“What we call work has been evolving,” noted company president Rajesh Ganesan during his keynote. “The OpenAI transformation is magical, so are all the new technologies, but we need to understand the reality.”
That reality will affect the way companies operate, he said, citing the State of Remote Work 2023 report from social media management firm Buffer, in which 98 per cent of respondents said they’d like to work remotely, at least part of the time, for the rest of their careers, and more than 70 per cent of global organizations are permanently allowing some amount of remote work.
How things are done has changed too, he observed. Innovation used to be driven from the top down, now it’s more democratic. Collaboration was in physical rooms, now it’s remote, and teams used to be structured, but now are self-organizing. And people pick up new job functions to meet business needs.
“Resilience is now a strong business differentiator,” he said. “Companies thriving today, after the pandemic, had resilience.”
Resilience helped ManageEngine thrive too, Ganesan said in an interview. The company was founded in 1996 as AdventNet, with a focus on network management, incorporated in 1997, and in 2009 became Zoho Corporation, with three divisions: Zoho, ManageEngine, and WebNMS.
“WebNMS was the original product line,” Ganesan recalled. “The first pivot was ManageEngine.” After the dot-com bust, he said, “we had to diversify. We were selling to the big telcos of the world, and you can count the number of telcos on your fingers. So the market was very small; we had to diversify our customer base, which is how ManageEngine started – we said, ‘we will sell to the IT organizations inside every enterprise’.”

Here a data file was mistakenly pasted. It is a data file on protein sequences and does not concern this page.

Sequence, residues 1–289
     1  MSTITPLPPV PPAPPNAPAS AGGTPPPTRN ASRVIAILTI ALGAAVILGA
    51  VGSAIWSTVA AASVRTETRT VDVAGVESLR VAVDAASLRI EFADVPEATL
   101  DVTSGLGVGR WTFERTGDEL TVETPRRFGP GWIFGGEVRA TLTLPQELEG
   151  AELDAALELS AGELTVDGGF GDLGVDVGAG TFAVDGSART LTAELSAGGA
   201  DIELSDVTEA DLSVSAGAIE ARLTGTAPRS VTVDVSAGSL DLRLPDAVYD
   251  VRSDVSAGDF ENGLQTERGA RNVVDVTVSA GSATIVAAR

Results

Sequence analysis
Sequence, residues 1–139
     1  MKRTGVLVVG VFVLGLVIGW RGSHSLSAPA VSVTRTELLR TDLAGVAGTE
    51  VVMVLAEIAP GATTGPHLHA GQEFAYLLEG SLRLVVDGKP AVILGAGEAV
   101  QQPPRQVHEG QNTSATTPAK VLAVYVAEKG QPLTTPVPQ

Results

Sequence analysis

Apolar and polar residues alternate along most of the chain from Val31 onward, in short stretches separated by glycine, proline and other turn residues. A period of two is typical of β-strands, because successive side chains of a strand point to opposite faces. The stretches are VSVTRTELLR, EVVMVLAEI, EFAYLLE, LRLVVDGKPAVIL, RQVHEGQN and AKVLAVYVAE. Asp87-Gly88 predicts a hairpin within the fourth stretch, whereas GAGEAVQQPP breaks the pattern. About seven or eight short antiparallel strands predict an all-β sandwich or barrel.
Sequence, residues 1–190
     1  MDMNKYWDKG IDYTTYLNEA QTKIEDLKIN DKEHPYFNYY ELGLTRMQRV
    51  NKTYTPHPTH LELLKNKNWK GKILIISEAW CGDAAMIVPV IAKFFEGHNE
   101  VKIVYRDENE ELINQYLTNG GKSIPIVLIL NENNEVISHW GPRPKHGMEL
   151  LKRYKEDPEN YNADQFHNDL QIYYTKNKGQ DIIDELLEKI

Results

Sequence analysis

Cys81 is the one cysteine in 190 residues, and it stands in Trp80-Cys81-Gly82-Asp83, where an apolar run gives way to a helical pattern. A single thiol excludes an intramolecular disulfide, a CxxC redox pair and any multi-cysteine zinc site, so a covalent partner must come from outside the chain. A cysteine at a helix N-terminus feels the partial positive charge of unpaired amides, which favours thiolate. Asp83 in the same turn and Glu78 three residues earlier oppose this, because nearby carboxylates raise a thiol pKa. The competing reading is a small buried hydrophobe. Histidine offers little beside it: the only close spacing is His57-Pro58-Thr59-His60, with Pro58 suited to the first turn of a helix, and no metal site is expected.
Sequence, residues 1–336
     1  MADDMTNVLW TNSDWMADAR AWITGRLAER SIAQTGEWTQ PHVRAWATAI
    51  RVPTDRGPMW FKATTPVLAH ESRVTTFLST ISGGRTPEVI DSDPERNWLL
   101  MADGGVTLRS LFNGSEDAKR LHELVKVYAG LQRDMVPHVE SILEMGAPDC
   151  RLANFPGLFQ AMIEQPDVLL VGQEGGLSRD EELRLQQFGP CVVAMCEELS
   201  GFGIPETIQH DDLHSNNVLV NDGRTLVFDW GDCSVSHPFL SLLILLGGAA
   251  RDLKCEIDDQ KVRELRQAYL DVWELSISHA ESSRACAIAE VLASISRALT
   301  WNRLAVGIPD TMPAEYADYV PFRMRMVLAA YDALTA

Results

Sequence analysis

This was in 2002, he said, and in 2005, with the rise of cloud, the company developed the Zoho productivity suite, which again expanded its scope to let it sell to every line of business within corporations.
“We always make futuristic bets,” he noted. “We knew it had to be in the cloud.”
Another move that, in retrospect, seems prescient, was the company’s employment strategy. Known as ‘transnational localism’, it eschews operating everything from one place, and instead goes where the talent is. Thanks to that philosophy, when the pandemic struck, the company was in a good position.
“That experiment happened for five, six years for us to even have some belief,” Ganesan explained. “Once we had that, we took that model across the country [India] first, now across the world. I wouldn’t say it’s a success yet, but it is something you want to do. And it’s even better when other companies also express their belief, their approval that this is a model worth considering. Go where talent is, don’t look for credentials. Don’t look for fancy degrees, just have a way to create opportunities, go to the talent and you will be able to do magic.”
ManageEngine in Canada
Canada is ManageEngine’s second-fastest growing region, after India, said regional director Sekar Subramanian, and currently is enjoying 30 per cent growth in customers, with more than 6,000 customers in the country, mostly in Ontario. It is looking at how to tap Quebec, Manitoba, and British Columbia next. It already has a data centre in Montreal, due to demands from customers who needed their data stored in the country.
“From a management perspective, we see Canada as ten different provinces, because each province behaves differently. So our focus, our investment will be based on that,” he said.